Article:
# Pitfalls in time series analysis

I am just starting out self-learning in time series analysis. I have noticed that there are a number of potential pitfalls that are not applicable to general statistics. So, building on What are common statistical sins?, I would like to ask:

What are common pitfalls or statistical sins in time series analysis?

This is intended as a community wiki, one concept per answer, and please, no repetition of more general statistical pitfalls that are (or should be) listed at What are common statistical sins?

Extrapolating a linear regression on a time series, where time is one of the independent variables in the regression. A linear regression may approximate a time series on a short time scale, and may be useful in an analysis, but extrapolating a straight line is foolish. (Time is infinite and ever-increasing.)

EDIT: In response to naught101's question about "foolish", my answer may be wrong but it seems to me that most real-world phenomenon don't increase or decrease continuously forever. Most processes having limiting factors: people stop growing in height as they age, stocks don't always go up, populations cannot go negative, you can't fill your house with a billion puppies, etc. Time, unlike most independent variables that come to mind, has infinite support, so you really can imagine your linear model predicting Apple's stock price 10 years from now because 10 years from now will surely exist. (Whereas you wouldn't extrapolate a height-weight regression to predict the weight of 20-meter-tall adult males: they don't and won't exist.)

In addition, time series often have cyclical or pseudo-cyclical components, or random walk components. As IrishStat mentions in his answer, you need to consider seasonality (sometimes seasonalities at multiple time scales), level shifts (which will do strange things to linear regressions that don't account for them), etc. A linear regression that ignores cycles will fit over a short-term, but be highly misleading if you extrapolate it.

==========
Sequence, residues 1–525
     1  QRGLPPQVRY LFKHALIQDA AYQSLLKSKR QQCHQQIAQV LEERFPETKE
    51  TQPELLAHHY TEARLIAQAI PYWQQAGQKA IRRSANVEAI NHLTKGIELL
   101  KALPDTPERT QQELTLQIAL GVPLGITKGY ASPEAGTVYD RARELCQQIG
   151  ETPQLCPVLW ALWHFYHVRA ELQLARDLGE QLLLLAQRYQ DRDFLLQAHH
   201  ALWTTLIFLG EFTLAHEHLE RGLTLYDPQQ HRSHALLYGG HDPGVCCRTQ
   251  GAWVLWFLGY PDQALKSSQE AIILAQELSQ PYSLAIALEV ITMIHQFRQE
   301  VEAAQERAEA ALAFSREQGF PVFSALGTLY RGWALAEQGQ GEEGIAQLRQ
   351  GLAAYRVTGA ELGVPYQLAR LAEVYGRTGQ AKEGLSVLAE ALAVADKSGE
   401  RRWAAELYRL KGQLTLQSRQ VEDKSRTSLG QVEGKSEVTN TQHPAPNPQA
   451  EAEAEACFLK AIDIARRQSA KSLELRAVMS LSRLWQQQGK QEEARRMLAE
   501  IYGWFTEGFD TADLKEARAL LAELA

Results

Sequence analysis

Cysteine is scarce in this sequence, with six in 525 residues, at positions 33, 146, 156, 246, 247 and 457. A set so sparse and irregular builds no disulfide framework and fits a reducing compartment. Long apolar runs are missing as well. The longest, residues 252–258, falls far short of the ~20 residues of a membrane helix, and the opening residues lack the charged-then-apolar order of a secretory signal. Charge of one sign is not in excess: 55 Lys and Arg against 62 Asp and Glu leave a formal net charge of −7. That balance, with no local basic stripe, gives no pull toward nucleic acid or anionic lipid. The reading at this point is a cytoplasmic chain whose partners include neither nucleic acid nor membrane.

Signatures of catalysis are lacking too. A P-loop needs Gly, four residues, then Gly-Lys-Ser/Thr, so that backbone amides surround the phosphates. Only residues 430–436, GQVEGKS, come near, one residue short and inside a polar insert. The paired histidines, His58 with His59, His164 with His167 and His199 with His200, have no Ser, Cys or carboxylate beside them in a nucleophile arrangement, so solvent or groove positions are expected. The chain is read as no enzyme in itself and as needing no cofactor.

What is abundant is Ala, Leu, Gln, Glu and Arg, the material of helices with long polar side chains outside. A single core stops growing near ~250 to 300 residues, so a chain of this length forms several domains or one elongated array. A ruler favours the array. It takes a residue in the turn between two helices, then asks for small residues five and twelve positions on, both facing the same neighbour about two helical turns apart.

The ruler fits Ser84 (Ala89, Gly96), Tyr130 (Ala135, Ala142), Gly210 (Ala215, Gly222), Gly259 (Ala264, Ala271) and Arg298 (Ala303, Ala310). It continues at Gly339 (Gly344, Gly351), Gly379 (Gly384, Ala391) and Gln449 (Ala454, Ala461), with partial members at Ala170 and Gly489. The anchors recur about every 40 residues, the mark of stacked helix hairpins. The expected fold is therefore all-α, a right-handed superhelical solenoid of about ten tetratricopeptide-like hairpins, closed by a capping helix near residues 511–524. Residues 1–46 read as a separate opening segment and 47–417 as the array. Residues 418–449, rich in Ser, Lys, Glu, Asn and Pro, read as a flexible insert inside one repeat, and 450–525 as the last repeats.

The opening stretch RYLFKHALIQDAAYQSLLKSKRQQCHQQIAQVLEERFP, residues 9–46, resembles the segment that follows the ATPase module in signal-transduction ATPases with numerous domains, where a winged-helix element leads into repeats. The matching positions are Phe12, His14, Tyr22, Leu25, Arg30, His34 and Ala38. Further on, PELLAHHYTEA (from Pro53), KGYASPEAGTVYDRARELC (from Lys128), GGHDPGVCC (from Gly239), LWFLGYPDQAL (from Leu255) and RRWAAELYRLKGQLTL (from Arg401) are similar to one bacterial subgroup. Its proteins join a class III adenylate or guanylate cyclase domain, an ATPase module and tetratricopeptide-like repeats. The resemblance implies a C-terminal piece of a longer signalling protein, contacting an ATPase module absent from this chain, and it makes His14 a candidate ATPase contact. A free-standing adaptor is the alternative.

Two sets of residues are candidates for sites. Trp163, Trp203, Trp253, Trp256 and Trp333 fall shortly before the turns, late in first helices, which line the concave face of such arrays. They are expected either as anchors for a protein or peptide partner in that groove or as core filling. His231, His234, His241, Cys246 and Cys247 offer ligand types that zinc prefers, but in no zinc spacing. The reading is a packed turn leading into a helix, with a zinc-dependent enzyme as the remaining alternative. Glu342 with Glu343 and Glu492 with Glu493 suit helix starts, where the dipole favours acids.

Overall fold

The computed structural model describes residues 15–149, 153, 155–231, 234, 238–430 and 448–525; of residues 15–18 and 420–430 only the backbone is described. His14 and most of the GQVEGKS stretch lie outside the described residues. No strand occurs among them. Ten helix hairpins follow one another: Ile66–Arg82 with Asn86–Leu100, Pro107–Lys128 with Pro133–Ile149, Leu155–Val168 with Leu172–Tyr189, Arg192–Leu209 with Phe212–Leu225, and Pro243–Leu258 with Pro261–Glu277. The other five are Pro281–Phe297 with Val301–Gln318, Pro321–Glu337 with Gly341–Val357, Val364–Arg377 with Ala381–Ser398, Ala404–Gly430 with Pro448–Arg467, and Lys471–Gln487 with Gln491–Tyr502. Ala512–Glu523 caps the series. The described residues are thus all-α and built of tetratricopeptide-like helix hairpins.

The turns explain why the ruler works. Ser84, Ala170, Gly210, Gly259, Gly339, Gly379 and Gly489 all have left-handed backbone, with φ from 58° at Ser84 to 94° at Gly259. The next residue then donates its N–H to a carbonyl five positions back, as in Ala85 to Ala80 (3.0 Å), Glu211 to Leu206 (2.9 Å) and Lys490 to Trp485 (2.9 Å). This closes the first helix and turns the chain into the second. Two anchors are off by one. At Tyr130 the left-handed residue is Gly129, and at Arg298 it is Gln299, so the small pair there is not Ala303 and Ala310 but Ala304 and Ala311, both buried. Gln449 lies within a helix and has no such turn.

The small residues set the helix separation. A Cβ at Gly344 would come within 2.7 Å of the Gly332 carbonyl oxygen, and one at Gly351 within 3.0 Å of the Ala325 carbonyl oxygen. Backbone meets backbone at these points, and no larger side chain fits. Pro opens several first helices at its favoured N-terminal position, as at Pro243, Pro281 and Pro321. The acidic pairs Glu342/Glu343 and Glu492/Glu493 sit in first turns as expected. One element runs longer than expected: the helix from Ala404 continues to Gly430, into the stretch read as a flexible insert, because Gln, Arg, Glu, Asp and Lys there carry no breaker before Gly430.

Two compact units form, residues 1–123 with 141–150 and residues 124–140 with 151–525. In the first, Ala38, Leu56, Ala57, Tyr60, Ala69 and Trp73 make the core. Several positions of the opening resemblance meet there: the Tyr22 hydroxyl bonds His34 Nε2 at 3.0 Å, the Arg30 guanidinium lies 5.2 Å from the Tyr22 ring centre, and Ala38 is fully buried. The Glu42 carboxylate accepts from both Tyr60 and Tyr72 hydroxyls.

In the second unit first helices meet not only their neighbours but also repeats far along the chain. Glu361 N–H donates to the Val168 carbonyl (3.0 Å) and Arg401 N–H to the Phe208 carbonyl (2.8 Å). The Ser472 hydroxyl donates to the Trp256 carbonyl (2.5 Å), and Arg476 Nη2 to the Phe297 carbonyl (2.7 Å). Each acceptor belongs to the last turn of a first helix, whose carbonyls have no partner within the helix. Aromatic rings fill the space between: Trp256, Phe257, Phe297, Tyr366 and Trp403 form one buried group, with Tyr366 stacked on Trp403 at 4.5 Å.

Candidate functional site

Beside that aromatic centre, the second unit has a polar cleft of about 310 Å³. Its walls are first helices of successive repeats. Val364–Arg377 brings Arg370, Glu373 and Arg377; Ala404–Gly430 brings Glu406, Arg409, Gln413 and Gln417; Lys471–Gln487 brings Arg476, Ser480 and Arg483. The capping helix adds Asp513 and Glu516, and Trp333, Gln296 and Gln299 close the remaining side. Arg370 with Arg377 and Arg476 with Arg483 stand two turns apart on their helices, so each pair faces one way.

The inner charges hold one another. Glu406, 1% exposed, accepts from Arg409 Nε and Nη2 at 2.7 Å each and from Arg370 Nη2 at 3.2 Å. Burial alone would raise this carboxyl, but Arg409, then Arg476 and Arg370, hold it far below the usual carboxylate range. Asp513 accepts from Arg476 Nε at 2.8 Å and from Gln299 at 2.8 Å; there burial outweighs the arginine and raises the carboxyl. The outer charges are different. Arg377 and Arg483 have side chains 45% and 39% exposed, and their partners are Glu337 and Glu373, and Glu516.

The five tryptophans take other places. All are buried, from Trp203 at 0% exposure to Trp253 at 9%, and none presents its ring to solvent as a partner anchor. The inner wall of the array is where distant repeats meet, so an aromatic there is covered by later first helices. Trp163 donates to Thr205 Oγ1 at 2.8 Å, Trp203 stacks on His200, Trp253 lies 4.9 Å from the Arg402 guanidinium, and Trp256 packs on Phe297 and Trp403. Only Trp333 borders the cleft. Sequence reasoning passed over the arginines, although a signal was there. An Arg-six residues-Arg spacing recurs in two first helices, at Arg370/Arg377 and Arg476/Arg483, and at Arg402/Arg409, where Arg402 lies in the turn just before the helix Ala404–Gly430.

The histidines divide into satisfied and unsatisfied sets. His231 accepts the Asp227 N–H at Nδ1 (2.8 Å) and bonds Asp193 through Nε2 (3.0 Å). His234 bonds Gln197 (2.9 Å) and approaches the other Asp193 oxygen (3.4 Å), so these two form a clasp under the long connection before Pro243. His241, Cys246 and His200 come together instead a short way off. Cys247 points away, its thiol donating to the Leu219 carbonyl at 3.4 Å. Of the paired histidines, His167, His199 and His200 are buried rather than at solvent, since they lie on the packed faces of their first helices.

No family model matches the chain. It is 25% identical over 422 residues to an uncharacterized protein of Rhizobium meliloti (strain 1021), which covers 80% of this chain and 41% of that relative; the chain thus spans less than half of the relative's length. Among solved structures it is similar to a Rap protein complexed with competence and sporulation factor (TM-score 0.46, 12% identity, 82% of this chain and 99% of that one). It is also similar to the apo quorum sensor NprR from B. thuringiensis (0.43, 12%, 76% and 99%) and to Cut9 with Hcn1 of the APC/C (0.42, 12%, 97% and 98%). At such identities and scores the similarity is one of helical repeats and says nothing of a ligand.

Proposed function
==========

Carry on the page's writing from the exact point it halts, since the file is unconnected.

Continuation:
Of course, you can get into trouble whenever you extrapolate, time-series or not. But it seems to me that we too often see someone throw a time series (crimes, stock prices, etc) into Excel, drop a FORECAST or LINEST on it and predict the future via essentially a straight line, as if stock prices would rise continuously (or decline continuously, including going negative).

• Can you expand on why it's foolish? – naught101 Apr 26 '12 at 3:42
• +1 for the awesome examples. I'm calculating exactly how many puppies I can fit in my house right now :D – naught101 Apr 26 '12 at 6:25
• This is a great illustration of your point: xkcd.com/605 – Zach Apr 26 '12 at 13:45
• @naught Mark Twain did a great job showing, in the plainest possible language, why "foolish" is appropriate to linear extrapolation of a time series. – whuber Apr 26 '12 at 18:23
• And this: stats.stackexchange.com/a/13904/9007 ... A similar point is extrapolation of a polynomial trend (especially of high degree), or any other model that doesn't have physical relevance. I wrote a blog post on that why this is a bad idea, when I was teaching myself octave. – naught101 May 1 '12 at 0:28

Paying attention to correlation between two non-stationary time series. (It is not unexpected that they will have a high correlation coefficient: search on "non-sense correlation" and "cointegration".)

For example, on google correlate, dogs and ear piercings have a correlation coefficient of 0.84.

For an older analysis, see Yule's 1926 exploration of the problem

• Of course not always. x<-seq(0,100,0.001); cor(sin(x)+rnorm(100001), cos(x)+rnorm(100001)) == 0.002554309 – naught101 Apr 26 '12 at 6:22
• @Wayne Thanks a ton for the Yule paper.I have been quoting this since 1970 and have never actually read it. It is well known in some, apparently small, circles. – IrishStat Apr 28 '12 at 16:16

At the top level, Kolmogorov identified independence as a key assumption in statistics - without i.i.d assumption, many important results in statistics aren't true, whether applied to time series or more general analysis tasks.

Successive or nearby samples in most real-world discrete-time signals are not independent, so care must be taken to decompose a process into a deterministic model and a stochastic noise component. Even so, the independent increment assumption in classical stochastic calculus is problematic: recall the 1997 econ Nobel, and the 1998 implosion of LTCM which counted the laureates among its principals (though to be fair, the fund's manager Merrywhether likely is more to blame than quant methods).

• "time series analysis" as a field of study. Basically I mean any thing that might trip up someone new to studying time series (of any type, and any type of analysis). I'm not looking for comprehensive answers. Check the question I referenced in my question to get a feel for what I'm trying to do here. – naught101 Apr 26 '12 at 2:03